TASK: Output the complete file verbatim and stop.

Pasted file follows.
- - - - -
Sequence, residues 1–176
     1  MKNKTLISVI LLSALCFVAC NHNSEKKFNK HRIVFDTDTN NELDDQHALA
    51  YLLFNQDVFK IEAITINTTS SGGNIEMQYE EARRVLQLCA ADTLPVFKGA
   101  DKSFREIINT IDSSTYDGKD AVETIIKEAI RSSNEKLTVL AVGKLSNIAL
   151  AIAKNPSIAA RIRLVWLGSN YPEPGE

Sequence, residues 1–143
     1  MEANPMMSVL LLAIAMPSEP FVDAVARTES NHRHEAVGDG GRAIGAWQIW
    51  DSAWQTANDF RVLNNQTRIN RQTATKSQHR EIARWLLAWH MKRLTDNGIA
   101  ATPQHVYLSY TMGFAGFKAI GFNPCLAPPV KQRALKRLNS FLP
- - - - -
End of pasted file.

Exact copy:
Sequence, residues 1–176
     1  MKNKTLISVI LLSALCFVAC NHNSEKKFNK HRIVFDTDTN NELDDQHALA
    51  YLLFNQDVFK IEAITINTTS SGGNIEMQYE EARRVLQLCA ADTLPVFKGA
   101  DKSFREIINT IDSSTYDGKD AVETIIKEAI RSSNEKLTVL AVGKLSNIAL
   151  AIAKNPSIAA RIRLVWLGSN YPEPGE

Sequence, residues 1–143
     1  MEANPMMSVL LLAIAMPSEP FVDAVARTES NHRHEAVGDG GRAIGAWQIW
    51  DSAWQTANDF RVLNNQTRIN RQTATKSQHR EIARWLLAWH MKRLTDNGIA
   101  ATPQHVYLSY TMGFAGFKAI GFNPCLAPPV KQRALKRLNS FLP